Or is there such a thing as data with no action-related intentions at all? What would that look like? What is its value?
When I first schemed about this blog, I thought “sure, data is definitely collected that is not action-focused, action-oriented, or action-generating.” Data collected for the sake of data alone. Or data that somehow isn’t actionable once collected.
But now I’m not so sure.
Earlier this year I explored a section of Michael Quinn Patton’s “Utilization Focused Evaluation” with a few colleagues and I find that I am still pondering it in relation to the question of what exactly is ‘actionable data’ (and as a result, what isn’t).
This section of Patton’s book covers what is essentially a variety of types of uses for data (actions, if you agree that we can extend ). I find the process and enlightenment uses particularly intriguing in light of defining actionable (and non actionable) data.
My understanding of process use, per Patton’s discussion, is essentially that the evaluation (or assessment) process in and of itself results in changes to the process or the program being studied.
I find enlightenment use to have a broader wingspan, conceptually. It covers the growth of ideas and understanding that result from evaluation, it can also refer to changes in thinking such as changes in assumptions or priorities. — this to me is really about learning. Learning as individuals and as communities.
Let’s assume for a moment that we’re talking about ‘good’ data — i.e. not bad data (that’s the subject for an entirely different post). Good data, for now, means that it’s data that has a reasonable amount of relevance, reliability, validity, and quality with regard to whatever it is we’re trying to learn about.
Now, it seems to me that given the uses described in Patton, all (good) data has the potential to be useful, in at least ‘enlightenment’ and ‘process’ areas if nothing else. Doesn’t data collected for information’s sake, or even data which appears to not be actionable once collected, have the potential for enlightenment use? And isn’t this action in its own right? Albeit more intellectual than tangible, does that not move ‘us’ forward in some way?
For example, let’s consider data collected from our annual alumni survey that we realize only upon collection didn’t entirely capture what we wanted, or needed (and perhaps our needs have changed some as we want to delve deeper than we thought we did originally). We now know this thing about alumni, but only kinda, and as a result, we want to add or change questions in the survey for next year. This data doesn’t seem actionable in the sense that we can’t do much actively with it, but we have actually gained understanding about what it is we need to know as a result of collecting responses and discussing results; it’s purpose is in enlightenment use. And stay with me here… we’re ‘closing the loop,’ taking action to revise the survey tool as a result of our assessment of that tool, and a crucial player in that assessment was the data that didn’t seem actionable. Clear as mud?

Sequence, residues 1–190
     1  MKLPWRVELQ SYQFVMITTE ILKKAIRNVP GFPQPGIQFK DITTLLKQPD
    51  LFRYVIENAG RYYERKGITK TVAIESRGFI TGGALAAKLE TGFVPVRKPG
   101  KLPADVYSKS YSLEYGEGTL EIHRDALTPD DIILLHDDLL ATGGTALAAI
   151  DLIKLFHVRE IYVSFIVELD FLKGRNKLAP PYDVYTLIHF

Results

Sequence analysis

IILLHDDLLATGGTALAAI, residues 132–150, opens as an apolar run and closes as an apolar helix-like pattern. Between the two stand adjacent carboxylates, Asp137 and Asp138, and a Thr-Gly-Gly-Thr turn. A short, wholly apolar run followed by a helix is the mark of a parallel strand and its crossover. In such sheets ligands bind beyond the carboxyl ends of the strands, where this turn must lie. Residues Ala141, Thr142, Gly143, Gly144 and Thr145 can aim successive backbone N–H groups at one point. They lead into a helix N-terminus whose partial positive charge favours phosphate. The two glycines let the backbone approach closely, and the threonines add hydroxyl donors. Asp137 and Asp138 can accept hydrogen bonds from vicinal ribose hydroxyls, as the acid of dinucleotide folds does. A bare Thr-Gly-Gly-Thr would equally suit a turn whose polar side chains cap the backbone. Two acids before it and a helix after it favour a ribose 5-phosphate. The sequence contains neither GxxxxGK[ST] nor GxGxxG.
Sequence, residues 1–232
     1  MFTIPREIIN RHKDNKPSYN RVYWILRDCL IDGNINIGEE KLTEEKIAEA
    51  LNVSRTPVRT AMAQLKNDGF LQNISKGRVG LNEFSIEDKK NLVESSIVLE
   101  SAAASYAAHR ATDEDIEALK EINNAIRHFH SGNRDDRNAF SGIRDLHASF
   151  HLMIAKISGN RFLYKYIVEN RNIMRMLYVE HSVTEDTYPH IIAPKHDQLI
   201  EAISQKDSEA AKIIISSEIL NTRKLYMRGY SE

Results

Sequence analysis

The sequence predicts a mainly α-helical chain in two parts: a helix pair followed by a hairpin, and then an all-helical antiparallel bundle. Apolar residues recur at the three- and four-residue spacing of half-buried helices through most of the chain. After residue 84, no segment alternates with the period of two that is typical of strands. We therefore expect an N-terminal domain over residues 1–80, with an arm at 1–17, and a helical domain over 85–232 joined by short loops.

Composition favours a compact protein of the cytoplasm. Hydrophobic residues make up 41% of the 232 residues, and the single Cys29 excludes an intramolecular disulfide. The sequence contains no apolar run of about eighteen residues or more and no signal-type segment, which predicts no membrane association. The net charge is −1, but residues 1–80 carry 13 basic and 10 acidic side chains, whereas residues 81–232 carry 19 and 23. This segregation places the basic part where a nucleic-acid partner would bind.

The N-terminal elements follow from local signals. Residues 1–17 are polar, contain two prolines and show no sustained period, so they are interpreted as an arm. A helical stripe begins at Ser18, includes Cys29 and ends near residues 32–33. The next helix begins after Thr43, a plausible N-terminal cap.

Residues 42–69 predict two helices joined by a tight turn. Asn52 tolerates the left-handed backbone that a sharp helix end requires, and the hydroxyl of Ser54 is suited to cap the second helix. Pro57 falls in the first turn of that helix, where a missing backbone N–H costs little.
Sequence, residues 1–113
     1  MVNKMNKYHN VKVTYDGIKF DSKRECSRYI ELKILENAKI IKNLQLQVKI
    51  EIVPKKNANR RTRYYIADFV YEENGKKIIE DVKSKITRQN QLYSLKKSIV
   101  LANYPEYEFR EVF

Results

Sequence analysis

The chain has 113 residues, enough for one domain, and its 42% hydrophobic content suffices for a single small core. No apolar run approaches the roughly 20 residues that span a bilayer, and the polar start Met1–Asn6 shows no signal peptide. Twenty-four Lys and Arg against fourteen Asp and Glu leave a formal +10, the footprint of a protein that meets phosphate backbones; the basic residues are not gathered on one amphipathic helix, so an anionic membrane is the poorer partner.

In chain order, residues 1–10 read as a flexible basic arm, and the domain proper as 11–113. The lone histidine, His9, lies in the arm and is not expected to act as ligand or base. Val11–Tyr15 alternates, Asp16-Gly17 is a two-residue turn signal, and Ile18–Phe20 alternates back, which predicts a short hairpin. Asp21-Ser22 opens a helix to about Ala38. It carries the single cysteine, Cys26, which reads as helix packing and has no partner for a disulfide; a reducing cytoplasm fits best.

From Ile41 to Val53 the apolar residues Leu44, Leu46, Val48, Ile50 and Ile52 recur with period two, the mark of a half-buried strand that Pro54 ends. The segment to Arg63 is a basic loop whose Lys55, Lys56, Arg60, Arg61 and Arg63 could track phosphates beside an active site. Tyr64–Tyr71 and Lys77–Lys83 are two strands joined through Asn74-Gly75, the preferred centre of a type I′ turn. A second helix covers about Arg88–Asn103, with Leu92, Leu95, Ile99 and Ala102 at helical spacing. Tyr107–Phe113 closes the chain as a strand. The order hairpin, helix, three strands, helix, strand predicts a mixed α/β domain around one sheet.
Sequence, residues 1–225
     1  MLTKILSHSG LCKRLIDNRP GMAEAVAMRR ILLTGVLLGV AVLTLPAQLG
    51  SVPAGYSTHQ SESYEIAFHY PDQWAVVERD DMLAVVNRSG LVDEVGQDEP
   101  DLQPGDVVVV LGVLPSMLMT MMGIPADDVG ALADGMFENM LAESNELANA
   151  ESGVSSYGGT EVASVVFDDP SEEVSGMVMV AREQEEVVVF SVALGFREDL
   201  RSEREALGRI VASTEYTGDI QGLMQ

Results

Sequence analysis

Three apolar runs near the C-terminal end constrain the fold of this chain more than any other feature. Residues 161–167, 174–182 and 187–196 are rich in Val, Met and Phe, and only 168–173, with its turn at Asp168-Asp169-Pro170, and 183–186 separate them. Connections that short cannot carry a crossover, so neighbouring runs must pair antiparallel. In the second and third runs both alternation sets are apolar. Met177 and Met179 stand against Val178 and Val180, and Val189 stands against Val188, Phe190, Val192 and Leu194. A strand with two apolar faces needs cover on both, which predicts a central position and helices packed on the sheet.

Now, this is not to be confused with data that should or could be actionable but fails to be due to simple lack of use — examples of that sit on shelves of business, non-profit, and government offices throughout the US (and likely the world), or worse yet, misuse (cue examples of shoddy poor political polling used throughout the news media).
So what is it that makes data actionable then? Does it lie in the data itself? The way it is collected? Analyzed? Disseminated? The context/environment in which the data is collected, analyzed, & disseminated? In some sort of special concoction where all these aspects are blended perfectly together? Does it lie solely in intentions (an input, if we want to get meta about this) and tangible use (an outcome) and all the stuff in the middle, the actual collection, analysis, etc., is just fluff? or is that stuff in the middle more brick and mortar? How important is the role of context/environment?
I feel a post about the importance of context coming on (and flashbacks to my graduate coursework in policy — does this remind anyone else of ‘policy windows’?)…. Not to mention a post about ‘bad’ data.